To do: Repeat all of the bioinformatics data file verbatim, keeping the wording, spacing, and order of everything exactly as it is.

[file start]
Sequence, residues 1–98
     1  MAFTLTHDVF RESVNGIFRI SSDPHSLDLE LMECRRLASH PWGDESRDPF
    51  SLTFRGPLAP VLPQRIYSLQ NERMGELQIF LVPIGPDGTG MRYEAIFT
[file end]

Sequence, residues 1–98
     1  MAFTLTHDVF RESVNGIFRI SSDPHSLDLE LMECRRLASH PWGDESRDPF
    51  SLTFRGPLAP VLPQRIYSLQ NERMGELQIF LVPIGPDGTG MRYEAIFT